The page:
Operational Support

Quality, quantity, time loss, spillages and leakages are the significant items to be considered during physical bunkering operations. Spillages and leakages during bunkering operations are a primary source of oil pollution from ships. Experience has shown that many of the bunker overflows and spillages that do occur can be attributed to human error. All bunkering operations should be carefully planned and executed in accordance with MARPOL regulations. Pollution caused when heavy fuel oil is split is particularly damaging and difficult to clean-up. Personnel involved in the bunkering operation on board should have no other tasks and should remain at their workstations during topping-off. This is particularly important when bunkers are being loaded concurrent with cargo operations, in order to avoid conflicts of interest for operational personnel. Spillages often occur when staff are distracted by another task.

Companies should require that all bunkering operations are controlled under procedures that are incorporated in the ship’s Safety Management System. The procedures should ensure that the risks associated with the operation have been assessed and that controls are in place to mitigate these risks. The procedures should also address contingency arrangements in the event of a spill. The Company should consider the following items when producing the procedures:

• Determining that there is adequate space for the volume of bunkers to be loaded.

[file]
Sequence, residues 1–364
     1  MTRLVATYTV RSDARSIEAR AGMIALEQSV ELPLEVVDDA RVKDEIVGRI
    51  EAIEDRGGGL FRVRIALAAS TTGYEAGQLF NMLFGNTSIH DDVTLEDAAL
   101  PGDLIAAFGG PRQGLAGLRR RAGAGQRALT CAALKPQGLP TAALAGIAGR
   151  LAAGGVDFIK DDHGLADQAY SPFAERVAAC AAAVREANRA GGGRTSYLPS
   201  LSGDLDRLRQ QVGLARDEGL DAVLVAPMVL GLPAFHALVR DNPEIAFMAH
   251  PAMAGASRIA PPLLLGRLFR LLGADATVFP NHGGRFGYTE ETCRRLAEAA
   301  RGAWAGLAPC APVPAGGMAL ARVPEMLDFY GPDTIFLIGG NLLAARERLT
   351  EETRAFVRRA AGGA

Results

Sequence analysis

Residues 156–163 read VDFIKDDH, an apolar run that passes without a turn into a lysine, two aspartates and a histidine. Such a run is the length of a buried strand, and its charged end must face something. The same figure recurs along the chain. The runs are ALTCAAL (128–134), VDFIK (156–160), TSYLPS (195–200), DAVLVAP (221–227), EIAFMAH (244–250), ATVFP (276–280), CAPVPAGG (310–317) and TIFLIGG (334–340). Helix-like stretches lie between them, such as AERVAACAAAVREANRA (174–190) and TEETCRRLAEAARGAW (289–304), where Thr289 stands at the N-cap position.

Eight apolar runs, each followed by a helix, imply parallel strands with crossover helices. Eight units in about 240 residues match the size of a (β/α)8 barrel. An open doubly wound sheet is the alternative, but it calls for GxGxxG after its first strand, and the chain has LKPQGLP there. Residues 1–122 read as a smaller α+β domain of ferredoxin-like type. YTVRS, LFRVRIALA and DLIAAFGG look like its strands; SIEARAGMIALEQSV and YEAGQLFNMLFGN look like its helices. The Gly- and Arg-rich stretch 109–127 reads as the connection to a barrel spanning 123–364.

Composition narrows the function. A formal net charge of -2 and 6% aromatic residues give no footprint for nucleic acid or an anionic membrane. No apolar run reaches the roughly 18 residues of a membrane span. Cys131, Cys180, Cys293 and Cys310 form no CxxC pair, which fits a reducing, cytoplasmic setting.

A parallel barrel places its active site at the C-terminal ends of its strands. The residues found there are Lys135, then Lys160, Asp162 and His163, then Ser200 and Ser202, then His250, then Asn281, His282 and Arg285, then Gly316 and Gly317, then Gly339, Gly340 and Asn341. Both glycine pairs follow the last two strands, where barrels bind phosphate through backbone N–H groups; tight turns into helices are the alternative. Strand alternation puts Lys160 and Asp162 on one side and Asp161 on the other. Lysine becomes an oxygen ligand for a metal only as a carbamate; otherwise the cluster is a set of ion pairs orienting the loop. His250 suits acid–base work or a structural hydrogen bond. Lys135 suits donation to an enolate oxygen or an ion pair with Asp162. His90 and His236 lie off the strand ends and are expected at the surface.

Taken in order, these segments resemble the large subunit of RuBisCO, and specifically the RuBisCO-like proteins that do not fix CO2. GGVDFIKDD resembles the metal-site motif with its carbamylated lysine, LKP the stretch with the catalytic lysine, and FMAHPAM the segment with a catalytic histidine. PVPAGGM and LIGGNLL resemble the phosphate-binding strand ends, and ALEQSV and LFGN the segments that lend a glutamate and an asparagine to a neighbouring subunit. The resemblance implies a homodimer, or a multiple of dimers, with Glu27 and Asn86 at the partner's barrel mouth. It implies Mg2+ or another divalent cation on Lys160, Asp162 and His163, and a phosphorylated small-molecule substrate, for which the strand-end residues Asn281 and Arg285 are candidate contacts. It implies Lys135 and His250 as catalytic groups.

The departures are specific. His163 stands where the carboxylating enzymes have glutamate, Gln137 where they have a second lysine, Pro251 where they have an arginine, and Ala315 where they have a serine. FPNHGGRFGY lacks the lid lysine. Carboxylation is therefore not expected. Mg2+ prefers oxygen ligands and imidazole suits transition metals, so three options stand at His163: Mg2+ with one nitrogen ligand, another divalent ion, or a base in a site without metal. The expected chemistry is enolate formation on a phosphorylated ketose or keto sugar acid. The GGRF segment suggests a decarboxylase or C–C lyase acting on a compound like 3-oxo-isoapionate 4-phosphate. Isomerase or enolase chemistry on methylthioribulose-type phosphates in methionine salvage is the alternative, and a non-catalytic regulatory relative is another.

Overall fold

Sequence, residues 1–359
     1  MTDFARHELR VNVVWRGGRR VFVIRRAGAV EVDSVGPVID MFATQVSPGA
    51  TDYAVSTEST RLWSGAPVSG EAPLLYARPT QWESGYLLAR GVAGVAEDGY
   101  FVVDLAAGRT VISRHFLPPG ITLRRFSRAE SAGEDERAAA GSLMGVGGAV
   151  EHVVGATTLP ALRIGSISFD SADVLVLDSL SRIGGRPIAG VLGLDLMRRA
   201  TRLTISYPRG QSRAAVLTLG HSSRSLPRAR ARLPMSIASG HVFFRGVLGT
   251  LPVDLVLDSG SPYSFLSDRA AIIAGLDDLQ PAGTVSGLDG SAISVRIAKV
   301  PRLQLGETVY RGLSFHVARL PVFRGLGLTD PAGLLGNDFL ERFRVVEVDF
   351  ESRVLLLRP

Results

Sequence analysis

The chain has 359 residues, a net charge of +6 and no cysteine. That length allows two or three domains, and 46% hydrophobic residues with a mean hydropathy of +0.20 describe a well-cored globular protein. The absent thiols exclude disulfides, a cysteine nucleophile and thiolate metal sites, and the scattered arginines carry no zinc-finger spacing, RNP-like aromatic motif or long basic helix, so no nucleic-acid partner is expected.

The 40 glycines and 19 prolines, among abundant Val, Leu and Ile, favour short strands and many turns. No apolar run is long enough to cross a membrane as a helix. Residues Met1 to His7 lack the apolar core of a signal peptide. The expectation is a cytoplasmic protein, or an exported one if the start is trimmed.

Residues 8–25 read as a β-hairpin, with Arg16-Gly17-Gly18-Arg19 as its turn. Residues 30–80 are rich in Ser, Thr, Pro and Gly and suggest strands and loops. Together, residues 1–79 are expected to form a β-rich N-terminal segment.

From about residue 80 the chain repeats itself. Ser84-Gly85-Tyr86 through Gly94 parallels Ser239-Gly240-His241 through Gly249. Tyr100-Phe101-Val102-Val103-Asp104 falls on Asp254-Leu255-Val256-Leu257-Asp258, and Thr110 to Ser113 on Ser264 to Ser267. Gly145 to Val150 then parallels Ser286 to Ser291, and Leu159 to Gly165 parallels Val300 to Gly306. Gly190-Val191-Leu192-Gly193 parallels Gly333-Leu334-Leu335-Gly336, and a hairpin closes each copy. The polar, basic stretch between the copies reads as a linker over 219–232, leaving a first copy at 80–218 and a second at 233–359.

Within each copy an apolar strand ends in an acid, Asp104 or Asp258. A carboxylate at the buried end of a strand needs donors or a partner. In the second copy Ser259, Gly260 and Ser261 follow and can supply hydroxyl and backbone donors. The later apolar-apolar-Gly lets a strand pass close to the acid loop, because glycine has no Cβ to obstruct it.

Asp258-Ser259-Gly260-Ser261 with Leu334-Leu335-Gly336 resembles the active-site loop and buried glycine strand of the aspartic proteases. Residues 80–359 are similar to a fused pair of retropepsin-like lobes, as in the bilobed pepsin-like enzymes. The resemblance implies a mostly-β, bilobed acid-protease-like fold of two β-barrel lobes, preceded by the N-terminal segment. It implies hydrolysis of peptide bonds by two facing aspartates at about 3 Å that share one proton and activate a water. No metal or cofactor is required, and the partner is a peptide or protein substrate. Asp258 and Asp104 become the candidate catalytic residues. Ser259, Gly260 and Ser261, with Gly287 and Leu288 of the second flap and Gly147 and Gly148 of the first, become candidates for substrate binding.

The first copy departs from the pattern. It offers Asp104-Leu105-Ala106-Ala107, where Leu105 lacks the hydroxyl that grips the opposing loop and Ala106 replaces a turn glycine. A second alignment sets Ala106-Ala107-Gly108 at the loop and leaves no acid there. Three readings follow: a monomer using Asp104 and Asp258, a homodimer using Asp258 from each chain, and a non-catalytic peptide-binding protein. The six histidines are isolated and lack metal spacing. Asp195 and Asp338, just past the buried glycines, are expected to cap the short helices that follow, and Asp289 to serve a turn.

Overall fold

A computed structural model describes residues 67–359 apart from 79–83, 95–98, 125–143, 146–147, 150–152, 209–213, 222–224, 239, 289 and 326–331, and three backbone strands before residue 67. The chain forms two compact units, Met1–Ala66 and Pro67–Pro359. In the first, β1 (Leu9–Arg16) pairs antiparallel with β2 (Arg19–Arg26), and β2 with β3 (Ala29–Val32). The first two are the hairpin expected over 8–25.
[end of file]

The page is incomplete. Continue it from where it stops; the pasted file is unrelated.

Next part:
• Establishing maximum loading volume for all tanks.
• Controls for the setting of bunker system valves.
• Determining loading rates for the start of loading, bulk loading and topping-off.
• Special precautions when loading into double bottom tanks.
• Arrangements of bunker tank ventilation.
• Internal tank overflow arrangements.
• Verification of gauging system operation and accuracy.
• Alarm settings on overfill alarm units.
• Communication with the terminal to establish when bunkering can be undertaken.
• Communications with the bunker supplier prior to commencement, to establish and record the loading procedure to be followed and to determine how quantity and quality checks may be carried out, particularly  if safe access is needed between the ship and a barge.
• Methods of managing the handling of bunkers which have or may have a hydrogen sulphide content.
• Testing procedures for determining the presence of hydrocarbon or H2S vapours.
• Method of determining the temperature of the bunkers during loading.
• Communications procedure for the operation, including emergency stop.
• Manning requirements to execute the operation safely.
• Monitoring of the bunkering operation and checking it conforms to the agreed procedure.
• Changing over tanks during loading.
• Containment arrangements and c lean-up equipment to be available.
• Once the procedure is produced, it should be implemented by use of a check-list.

Stemming bunkers commands careful planning, co-ordination and co-operation between all parties involved from the point of ordering until completion of the delivery. Any inconvenience during bunker and/or lubricant delivery caused by the vessel and/or bunker barge’s personnel, weather conditions, local authorities, general physical factors are strictly handled, immediately in accordance with the professional, legal and ethical means available. Bunkerist and his business partners follow up the fault, if any, and essential actions regarding the party at fault are taken as soon as officially advised.